The Arts

June 6, 2012

Embracing the Fine Arts of the Rio Grande Valley

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One of the things that always preoccupied me as a destination management professional, were the negative perceptions about our area and the people of the Rio Grande Valley. Some believe we all dress in cowboy attire, while others believe we only speak Spanish. Worse yet, the perception out there is that we are not a safe place, and that we are not very cultured, especially in the field of Fine Arts.

Nothing can be further from the truth, and CODA, The Final Concert, held at the University of Texas Pan American this past Sunday, June 3rd, is concrete proof that we are an arts-rich community. UTPA organized this concert as a farewell to their Fine Arts building which is closing its doors forever. The new Performing Arts Center will, according to UTPA President Robert S. Nelsen, impact generations to come and guarantee a vibrant and culturally-rich future for our region.

About 900 people  attended this free concert, and enjoyed a medley of live and previously videotaped performances. The program began with a piano performance by John Raimo, UTPA faculty Emeritus, accompanied by Dahlia Guerra, Dean, College of Arts and Humanities.   Marian Monta, Founder, UTPA Theater, addressed the audience with a trip down memory lane. She recalled the time when she first came to UTPA, her experiences, and all the theater performances UTPA students have produced. She mentioned Valente Rodriguez, now a well-known Hollywood actor and UTPA Alumni, and his work every summer when he visits and motivates UTPA students to succeed.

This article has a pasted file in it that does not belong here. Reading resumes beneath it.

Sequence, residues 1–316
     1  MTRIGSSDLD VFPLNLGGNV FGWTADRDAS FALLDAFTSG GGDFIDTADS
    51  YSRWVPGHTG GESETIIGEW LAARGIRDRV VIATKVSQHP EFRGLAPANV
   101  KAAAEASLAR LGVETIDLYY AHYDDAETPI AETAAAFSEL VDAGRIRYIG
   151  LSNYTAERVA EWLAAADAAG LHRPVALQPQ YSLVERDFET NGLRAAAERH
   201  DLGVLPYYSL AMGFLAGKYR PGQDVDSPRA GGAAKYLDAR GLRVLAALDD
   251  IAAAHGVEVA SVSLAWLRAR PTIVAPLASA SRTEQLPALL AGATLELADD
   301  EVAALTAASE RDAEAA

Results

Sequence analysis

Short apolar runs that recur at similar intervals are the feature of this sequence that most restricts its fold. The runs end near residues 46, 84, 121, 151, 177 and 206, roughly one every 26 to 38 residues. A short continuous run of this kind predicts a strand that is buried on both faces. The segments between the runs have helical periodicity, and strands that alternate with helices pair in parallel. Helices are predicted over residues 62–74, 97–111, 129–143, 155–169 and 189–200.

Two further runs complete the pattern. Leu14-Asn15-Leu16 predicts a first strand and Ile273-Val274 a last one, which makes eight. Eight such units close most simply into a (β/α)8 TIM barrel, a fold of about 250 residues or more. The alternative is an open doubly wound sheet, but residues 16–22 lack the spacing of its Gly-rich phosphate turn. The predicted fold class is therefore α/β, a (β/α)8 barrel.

Via videotape, the Valley Symphony Orchestra, conducted by maestro Peter Dabrowski, entertained the crowd. Classical music performances by Carl Seale, Faculty Emeritus, Linda Musollari, Soprano, UTPA Alumna, and son Laert accompanied by Quartetto Bravura, highlighted the event. The Harmonious Blacksmithby Handel/ Forbes was performed by the RGV Tuba Euphonium Quartet among other classical selections.

The feature photograph for this article was taken during the performance of Passacaglia by Handel/Halvorse & Preludium and Allegro by F. Fisher, by Daniel Andai, violin, Marialice Shary Shrivers Endowed Chair in Fine Arts, with Joel Pagan, viola, and Brendan Kinsella, piano. Both Joel and Brendan are UTPA Assistant Professors.

No UTPA concert would be complete without dance performances. The CODA concert had a couple of great dance performances; first was the UTPA Ballet Folklorico performing traditional dances from the state of Yucatan, Mexico, followed by the UTPA Modern Dance Company performing Sleeping Beauty, Blue Bird Variations.  A spectacular closing performance by UTPA Mariachi Aztlan which included El Son de la Negra; Mariachi Aztlan has performed for President Obama. It has also been awarded multiple recognitions, and will be participating in the Smithsonian Folkloric Festival this month, representing the Rio Grande Valley of Texas.

Heart felt closing remarks by UTPA President Robert S. Nelsen, motivated the crowd to continue supporting the performing arts and artists of the valley. “The Arts make us human,” he said. I could not agree more. The Valley is a kaleidoscope of talent and culture, and is one of the fastest growing areas in the county. The arts are not only present in the Rio Grande Valley, they are thriving!

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About the Author

Nydia O Tapia - Gonzales
A bird does not sing because it has an answer, it sings because it has a song.-Maya Angelou. La Vida Valle is where I write about "la vida" life in the Rio Grande Valley. From this bi-cultural corner on the tip of Texas, I share my poems and spiritual and travel experiences. I also blog about the arts,nature and my passion for historic preservation and architecture. But most important, let's talk about "la vida" - living our lives - in a vacation state of mind. Contributions and comments are always welcome .




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